Cuffing season is upon us and if your couch is a bit lonely, don’t dwell on that honey. Experts say a good book is a great substitute for an empty house (ok, I definitely made that up}. Don’t fret, he/she may be into books and may want to sit in the crib with you and read his/her favorite book. With new releases from Ta Nehisi Coates, Toni Morrison, Dick Gregory and Hillary Clinton, Fall is overflowing with great options. Head to Starbucks, grab a salted caramel mocha, a pair of fuzzy socks and one of these top 5 books.
Here’s our list of top picks this season. What’s on your list? Leave a comment and let us know!
“We were eight years in power” was the lament of Reconstruction-era black politicians as the American experiment in multiracial democracy ended with the return of white supremacist rule in the South. In this sweeping collection of new and selected essays, Ta-Nehisi Coates explores the tragic echoes of that history in our own time: the unprecedented election of a black president followed by a vicious backlash that fueled the election of the man Coates argues is America’s “first white president.”
But the story of these present-day eight years is not just about presidential politics. This book also examines the new voices, ideas, and movements for justice that emerged over this period—and the effects of the persistent, haunting shadow of our nation’s old and unreconciled history. Coates powerfully examines the events of the Obama era from his intimate and revealing perspective—the point of view of a young writer who begins the journey in an unemployment office in Harlem and ends it in the Oval Office, interviewing a president.
Kim Fields has lived most of her life with people thinking they know her, which is understandable. From her first job on a Mrs. Butterworth syrup commercial at age 7, she has spent 40 years in the public eye. There were 9 years as Dorothy “Tootie” Ramsey on the classic sitcom The Facts of Life, 5 more in her 20s starring as Regine Hunter on the seminal coming-of-age show Living Single, and most recently appearing as herself on Real Housewives of Atlanta and Dancing with the Stars.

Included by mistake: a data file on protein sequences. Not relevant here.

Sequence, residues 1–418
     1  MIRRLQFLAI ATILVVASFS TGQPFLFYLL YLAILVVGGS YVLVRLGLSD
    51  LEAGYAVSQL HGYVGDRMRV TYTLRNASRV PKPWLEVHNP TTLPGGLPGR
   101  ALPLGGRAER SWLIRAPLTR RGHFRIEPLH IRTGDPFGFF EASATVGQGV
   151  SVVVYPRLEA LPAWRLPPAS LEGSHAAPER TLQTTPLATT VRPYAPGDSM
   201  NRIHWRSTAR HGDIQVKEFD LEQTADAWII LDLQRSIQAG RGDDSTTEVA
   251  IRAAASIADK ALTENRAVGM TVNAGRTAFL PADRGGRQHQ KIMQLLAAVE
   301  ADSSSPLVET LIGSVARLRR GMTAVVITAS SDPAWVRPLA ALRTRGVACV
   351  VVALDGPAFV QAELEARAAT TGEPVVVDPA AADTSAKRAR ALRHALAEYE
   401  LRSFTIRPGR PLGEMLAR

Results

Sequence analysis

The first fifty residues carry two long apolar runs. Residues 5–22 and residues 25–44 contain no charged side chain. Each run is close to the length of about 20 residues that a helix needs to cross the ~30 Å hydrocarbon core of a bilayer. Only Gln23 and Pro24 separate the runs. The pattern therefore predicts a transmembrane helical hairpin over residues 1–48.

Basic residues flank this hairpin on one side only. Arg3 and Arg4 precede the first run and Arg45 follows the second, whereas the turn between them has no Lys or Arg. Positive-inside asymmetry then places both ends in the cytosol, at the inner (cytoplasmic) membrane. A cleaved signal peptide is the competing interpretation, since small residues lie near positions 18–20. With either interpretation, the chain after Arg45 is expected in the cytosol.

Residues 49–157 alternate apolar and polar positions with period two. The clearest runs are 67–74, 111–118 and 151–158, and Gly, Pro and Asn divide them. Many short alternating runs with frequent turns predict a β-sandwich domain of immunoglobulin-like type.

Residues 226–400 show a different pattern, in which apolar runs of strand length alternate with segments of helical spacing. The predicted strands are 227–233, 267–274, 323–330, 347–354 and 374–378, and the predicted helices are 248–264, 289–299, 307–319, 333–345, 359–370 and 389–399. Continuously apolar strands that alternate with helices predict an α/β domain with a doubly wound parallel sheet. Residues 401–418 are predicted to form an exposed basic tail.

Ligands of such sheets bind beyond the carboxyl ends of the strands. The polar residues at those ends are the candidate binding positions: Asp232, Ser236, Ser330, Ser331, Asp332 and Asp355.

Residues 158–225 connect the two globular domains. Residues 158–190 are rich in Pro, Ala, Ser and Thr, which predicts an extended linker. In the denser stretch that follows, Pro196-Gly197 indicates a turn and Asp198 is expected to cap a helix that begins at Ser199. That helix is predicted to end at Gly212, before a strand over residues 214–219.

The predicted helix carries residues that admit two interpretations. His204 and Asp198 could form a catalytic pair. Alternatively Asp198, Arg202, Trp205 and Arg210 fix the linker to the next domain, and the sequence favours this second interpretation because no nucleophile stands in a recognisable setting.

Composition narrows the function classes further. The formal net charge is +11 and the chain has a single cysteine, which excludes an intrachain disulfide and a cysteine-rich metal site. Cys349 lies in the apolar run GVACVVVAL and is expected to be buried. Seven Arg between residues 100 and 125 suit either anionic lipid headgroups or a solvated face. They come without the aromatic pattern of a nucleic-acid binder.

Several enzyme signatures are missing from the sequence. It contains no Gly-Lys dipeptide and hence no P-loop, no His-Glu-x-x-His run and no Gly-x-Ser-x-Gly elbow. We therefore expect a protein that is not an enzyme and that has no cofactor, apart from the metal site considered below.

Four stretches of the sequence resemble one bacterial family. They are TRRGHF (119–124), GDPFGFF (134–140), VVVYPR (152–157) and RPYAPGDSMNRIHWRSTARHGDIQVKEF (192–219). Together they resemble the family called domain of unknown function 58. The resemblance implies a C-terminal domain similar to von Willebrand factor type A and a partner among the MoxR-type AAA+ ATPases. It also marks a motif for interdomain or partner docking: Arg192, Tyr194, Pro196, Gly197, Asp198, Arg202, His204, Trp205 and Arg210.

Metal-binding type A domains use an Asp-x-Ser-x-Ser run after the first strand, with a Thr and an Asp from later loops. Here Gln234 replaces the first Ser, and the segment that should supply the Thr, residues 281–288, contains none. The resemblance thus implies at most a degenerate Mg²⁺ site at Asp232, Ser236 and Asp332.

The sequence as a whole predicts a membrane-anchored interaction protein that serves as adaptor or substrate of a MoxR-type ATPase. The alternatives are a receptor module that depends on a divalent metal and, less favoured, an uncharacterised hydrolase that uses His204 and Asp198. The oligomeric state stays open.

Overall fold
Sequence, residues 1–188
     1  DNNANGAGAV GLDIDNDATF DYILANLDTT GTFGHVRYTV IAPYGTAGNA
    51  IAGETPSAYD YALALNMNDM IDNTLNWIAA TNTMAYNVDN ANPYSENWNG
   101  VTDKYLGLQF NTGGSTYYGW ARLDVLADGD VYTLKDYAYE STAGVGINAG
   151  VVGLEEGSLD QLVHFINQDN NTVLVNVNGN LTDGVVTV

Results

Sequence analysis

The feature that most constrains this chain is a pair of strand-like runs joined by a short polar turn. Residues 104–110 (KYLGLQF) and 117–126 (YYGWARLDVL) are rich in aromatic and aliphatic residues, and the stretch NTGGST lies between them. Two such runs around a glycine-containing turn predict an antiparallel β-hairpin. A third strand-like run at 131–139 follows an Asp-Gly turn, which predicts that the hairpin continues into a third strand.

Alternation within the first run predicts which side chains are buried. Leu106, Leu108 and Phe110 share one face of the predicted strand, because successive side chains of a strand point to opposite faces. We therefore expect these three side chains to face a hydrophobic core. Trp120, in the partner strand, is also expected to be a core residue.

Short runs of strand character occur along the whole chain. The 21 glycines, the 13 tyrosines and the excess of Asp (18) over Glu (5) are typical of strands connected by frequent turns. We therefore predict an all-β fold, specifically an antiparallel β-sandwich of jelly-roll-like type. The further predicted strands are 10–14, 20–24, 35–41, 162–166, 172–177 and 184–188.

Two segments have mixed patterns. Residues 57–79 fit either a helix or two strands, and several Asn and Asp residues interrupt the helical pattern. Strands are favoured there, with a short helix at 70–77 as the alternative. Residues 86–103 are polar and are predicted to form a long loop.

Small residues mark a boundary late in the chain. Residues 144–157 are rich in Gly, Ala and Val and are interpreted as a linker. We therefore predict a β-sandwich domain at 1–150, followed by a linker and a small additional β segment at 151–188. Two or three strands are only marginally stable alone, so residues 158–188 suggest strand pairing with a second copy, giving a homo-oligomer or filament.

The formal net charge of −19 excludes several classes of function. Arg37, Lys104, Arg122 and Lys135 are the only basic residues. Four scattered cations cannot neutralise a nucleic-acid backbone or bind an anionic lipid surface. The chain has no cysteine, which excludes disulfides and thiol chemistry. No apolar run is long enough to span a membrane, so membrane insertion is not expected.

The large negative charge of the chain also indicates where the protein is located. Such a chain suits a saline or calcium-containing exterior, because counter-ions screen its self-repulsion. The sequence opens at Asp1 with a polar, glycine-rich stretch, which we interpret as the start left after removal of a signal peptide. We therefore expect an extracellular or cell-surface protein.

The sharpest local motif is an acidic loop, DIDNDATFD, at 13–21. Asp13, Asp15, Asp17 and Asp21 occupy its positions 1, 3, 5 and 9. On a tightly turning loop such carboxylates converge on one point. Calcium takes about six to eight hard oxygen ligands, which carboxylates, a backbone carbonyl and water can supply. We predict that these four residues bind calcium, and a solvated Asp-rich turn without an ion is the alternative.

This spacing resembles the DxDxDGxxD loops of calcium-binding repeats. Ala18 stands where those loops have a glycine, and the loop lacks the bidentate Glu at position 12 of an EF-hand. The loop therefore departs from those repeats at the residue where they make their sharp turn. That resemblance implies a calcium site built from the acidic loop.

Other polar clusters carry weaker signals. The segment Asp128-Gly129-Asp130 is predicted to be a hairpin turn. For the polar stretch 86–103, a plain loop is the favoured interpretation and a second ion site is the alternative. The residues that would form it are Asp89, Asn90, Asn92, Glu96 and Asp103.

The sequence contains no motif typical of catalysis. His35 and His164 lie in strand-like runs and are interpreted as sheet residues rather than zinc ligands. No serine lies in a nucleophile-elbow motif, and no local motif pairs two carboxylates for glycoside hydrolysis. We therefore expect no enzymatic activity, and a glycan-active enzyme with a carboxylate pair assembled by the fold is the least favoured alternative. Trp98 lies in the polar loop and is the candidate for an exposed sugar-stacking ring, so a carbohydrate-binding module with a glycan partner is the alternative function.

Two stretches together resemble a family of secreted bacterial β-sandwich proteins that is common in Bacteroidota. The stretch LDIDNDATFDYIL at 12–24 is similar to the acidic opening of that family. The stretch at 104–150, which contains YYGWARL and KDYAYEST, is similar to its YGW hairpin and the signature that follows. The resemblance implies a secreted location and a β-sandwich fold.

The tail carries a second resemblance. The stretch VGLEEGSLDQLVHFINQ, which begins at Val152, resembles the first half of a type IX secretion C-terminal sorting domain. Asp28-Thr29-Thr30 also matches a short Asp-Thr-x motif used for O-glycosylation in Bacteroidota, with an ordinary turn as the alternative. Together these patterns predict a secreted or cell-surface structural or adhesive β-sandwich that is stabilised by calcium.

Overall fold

Behind the camera, she has directed episodes of Kenan & Kel, Tyler Perry’s Meet the Browns and House of Payne, and BET’s Let’s Stay Together. Between gigs, the pop culture icon’s life has included theater, spoken word, music, speaking engagements, and simply being present to the point that she cannot go a day without someone stopping her to say, “When I was a kid, I wanted to be Tootie” or “You were my role model.”
Flattered and blessed, after four decades in the business, Kim finally understands the role she has played onscreen and off as a successful, outspoken African-American woman. However, for as much as she’s been in the public eye, people have really never known her the way they think they have, and that’s because she, herself, spent most of her life figuring herself out. Now, at age 48, she is ready to set the record straight. She says, “It’s not that I’ve been misunderstood. It’s that I finally feel like I understand me enough to tell the life story that I’ve been asked to write for years.” It will be a chronicle of living, learning, and keen moments of self-discovery as she’s journeyed through the many facets and chapters of life. Fields found faith at age 14 and has found God to be right there every step of the way since then.
The Origin of Others (The Charles Eliot Norton Lectures) by Toni Morrison
America’s foremost novelist reflects on the themes that preoccupy her work and increasingly dominate national and world politics: race, fear, borders, the mass movement of people, the desire for belonging. What is race and why does it matter? What motivates the human tendency to construct Others? Why does the presence of Others make us so afraid?